I think you've been given really good advice. Keep in mind there is no "cure" for something like aspergers. In fact, she may not see her behaviour as a problem (like a personality disorder). If she does in fact have this syndrome, the best thing you can do for her as a friend is accept her and support her. Talk to her bout it, and voice your concerns. Use "I" statements, not "you", because it makes a person defensive. For example, say,I feel , or I'm concerned, etc. She may already know what is different about her (not what is wrong with her). You sound like a great friend. Good luck with this.
 

aylad

Member
+1 to Cognity7 and MD Angels.

This does sound like people I have known with autism/signs of autism/Asperger's. On the other hand, it also sounds like people I have known who simply didn't have a healthy family life that taught them how to deal with normal social interactions.

If I were in your situation, I would step back, shed as many personal opinions/assumptions/prejudices as possible, and ask myself: is my friend ACTUALLY less happy because of the symptoms I've identified? Do I know for a FACT that she would be more happy if she were receiving some form of counseling, or am I just assuming that she wants the same things from life that I want?

If the answer is yes, absolutely, then you might want to approach her as described above.

If the answer is no, then go on and enjoy your friendship without worrying about intervening.

If the answer is uncertain, I personally would choose to step back, observe more, and re-evaluate later. She will have a long, and hopefully satisfying, life whether you speak up today or next month... whereas speaking up prematurely might not be something you can undo.

These are just my thoughts. Whatever course of action you choose, good luck, and bless you for being this person's best friend.

EDIT: On re-reading your original post, it occurs to me that I've known people suffering from anxiety disorders who display most of the same symptoms. I am not a psych(iatrist/ologist) but you might want to keep that possibility in mind.
 

MD Angels

Member
+1 on everything that Aylad said. 100% correct IMO.
 

sarahphim1

Member
This is definitely a hard thing to do and I wish you the best! You are a good friend to notice and want to help. As MD Angels said, you don't want to come at it as if there is something wrong with her. And you really have to come at it in such a delicate way so that you don't come across to her in a negative way. Maybe she feels close to you because you aren't treating her as if something is wrong with her like everyone else. That's something you will want to consider....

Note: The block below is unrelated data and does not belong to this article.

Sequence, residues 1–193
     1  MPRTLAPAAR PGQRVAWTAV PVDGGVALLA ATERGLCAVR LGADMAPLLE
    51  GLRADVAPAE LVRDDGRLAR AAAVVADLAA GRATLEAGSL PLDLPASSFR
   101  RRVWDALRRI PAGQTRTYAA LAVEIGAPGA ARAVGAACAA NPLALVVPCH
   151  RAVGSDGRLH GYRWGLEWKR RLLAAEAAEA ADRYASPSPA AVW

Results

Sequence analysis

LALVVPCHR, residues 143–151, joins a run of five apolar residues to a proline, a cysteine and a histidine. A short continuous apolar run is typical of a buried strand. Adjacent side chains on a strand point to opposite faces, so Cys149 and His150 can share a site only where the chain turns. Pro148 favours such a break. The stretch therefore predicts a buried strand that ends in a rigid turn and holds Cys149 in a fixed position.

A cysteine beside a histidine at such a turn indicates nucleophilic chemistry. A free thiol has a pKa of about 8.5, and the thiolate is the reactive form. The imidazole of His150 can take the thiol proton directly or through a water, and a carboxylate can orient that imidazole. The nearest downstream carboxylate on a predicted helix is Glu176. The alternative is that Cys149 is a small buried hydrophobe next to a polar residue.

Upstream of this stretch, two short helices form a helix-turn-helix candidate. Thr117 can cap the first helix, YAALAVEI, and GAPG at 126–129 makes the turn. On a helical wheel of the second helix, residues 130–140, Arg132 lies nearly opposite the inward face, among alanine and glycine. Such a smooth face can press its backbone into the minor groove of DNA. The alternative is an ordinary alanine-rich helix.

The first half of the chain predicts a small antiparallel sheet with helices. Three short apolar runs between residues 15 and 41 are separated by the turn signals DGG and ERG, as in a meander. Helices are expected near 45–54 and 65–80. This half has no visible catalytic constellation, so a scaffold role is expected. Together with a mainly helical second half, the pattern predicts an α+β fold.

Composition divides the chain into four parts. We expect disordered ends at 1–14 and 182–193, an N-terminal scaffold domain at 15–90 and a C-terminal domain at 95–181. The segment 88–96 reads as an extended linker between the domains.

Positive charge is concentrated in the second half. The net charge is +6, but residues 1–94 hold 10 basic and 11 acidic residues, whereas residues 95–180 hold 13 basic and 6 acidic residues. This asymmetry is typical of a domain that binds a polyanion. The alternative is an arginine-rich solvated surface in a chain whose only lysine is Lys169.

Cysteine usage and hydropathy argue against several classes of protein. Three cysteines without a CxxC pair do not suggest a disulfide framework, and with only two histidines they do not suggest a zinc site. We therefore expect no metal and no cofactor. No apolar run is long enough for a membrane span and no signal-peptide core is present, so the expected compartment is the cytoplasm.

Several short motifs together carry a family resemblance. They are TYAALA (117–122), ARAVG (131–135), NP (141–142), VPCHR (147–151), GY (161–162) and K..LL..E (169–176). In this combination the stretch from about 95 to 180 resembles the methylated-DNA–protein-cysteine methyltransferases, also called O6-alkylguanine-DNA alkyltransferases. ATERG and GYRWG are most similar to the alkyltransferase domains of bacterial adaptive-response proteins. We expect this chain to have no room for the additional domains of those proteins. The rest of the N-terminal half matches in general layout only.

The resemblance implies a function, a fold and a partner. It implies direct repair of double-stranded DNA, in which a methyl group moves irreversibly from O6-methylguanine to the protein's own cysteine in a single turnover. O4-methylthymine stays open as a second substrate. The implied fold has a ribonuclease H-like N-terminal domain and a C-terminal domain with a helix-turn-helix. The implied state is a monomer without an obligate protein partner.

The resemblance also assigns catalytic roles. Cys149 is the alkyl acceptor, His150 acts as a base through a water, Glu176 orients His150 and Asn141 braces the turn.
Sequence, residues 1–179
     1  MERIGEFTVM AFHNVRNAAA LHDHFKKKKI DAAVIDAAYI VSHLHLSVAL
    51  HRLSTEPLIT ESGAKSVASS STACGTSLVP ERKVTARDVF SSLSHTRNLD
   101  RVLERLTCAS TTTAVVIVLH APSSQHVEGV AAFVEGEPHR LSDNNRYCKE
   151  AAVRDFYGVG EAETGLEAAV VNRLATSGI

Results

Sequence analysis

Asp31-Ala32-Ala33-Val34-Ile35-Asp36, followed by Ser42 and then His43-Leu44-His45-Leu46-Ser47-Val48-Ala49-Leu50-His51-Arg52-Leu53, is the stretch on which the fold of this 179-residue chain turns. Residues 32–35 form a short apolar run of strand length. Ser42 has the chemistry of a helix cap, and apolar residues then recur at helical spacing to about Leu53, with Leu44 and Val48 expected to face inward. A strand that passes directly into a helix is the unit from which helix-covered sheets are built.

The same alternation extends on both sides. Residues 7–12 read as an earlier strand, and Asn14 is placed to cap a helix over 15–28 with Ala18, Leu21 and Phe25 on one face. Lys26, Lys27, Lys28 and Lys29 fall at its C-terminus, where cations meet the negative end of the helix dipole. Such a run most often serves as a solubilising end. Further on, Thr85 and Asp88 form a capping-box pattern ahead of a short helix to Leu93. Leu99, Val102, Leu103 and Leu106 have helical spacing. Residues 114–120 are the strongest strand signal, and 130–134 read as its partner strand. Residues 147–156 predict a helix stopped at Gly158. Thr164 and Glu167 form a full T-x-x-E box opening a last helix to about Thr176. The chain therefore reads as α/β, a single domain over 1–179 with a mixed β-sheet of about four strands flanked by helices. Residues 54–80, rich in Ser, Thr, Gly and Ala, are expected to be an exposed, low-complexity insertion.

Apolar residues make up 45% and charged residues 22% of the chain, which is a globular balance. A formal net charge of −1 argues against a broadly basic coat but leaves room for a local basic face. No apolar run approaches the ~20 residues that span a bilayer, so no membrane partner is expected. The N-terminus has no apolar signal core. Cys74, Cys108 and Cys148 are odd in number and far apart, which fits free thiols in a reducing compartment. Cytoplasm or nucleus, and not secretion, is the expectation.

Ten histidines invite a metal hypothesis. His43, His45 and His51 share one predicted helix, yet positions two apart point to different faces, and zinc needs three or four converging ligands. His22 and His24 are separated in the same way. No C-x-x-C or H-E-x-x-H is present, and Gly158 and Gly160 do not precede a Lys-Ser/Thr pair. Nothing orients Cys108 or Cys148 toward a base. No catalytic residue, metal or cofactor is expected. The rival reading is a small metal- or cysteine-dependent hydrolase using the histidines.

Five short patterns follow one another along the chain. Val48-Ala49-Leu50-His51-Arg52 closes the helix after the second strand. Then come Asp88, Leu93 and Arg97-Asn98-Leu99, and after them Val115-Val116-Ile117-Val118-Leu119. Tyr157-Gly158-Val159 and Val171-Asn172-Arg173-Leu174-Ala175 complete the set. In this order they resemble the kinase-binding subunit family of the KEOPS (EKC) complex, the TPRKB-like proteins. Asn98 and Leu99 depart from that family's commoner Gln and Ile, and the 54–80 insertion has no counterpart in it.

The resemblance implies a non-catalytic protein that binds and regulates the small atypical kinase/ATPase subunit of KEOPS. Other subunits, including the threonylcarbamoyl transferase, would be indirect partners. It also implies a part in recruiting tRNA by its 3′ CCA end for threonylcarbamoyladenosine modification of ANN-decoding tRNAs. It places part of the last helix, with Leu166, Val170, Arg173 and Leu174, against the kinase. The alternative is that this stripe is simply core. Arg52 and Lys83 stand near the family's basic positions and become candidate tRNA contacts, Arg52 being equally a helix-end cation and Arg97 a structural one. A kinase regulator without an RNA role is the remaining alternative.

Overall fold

andrearamirezo91

Member
You're a great friend for giving her an opportunity while others didn't, and now for being concerned and trying to help. I really don't know anything about this, but maybe you could talk to a specialized person who will guide you though the process of helping her or determining what's wrong
 
  • Thread Starter

Alessa

Member
Thanks everyone for the great responses.

I really don't mind the way she is, at all. I enjoy hanging out with her, going to the theater, going shopping, to eat... etc. We have a great time together and I enjoy when I spend time with her. However, regarding whether the way she is is causing her problems is a different story.

The way she comes across to others: i.e. potential employers for jobs she really wants, or people she really wants to be friends with - makes those people run away from her, and it hurts me very much when she comes to me disappointed, not really knowing why she didn't get a certain job, or why a certain person is avoiding her.

I have thought to myself many times, if she does happen to have something, would she want to know it? would she seek help? counseling? and my answer is, I think she would, because she would finally understand the reason why so many things happen to her. And maybe if she seeks some sort of behavioral therapy or something, she can finally feel whole and happy like she has never really been.

If I suspected that she is okay with the way she is right now, and if I knew she is happy with her social and professional life, I would not even think of interfering, but I know she isn't. Also, if I happen to be right and there is something going on with her, could I forgive myself if I never told her? It should be her decision to seek help or not, but I think that I do not have the right to not tell her something that might affect her life forever.

Now to the main question... how?
 

callichma

Member
All good advice above. Above all, give her your love and friendship. If you discuss symptoms with her, don't make a big deal of it. When she has an (what you consider) odd response, casually comment on it to see if she wants to talk about it.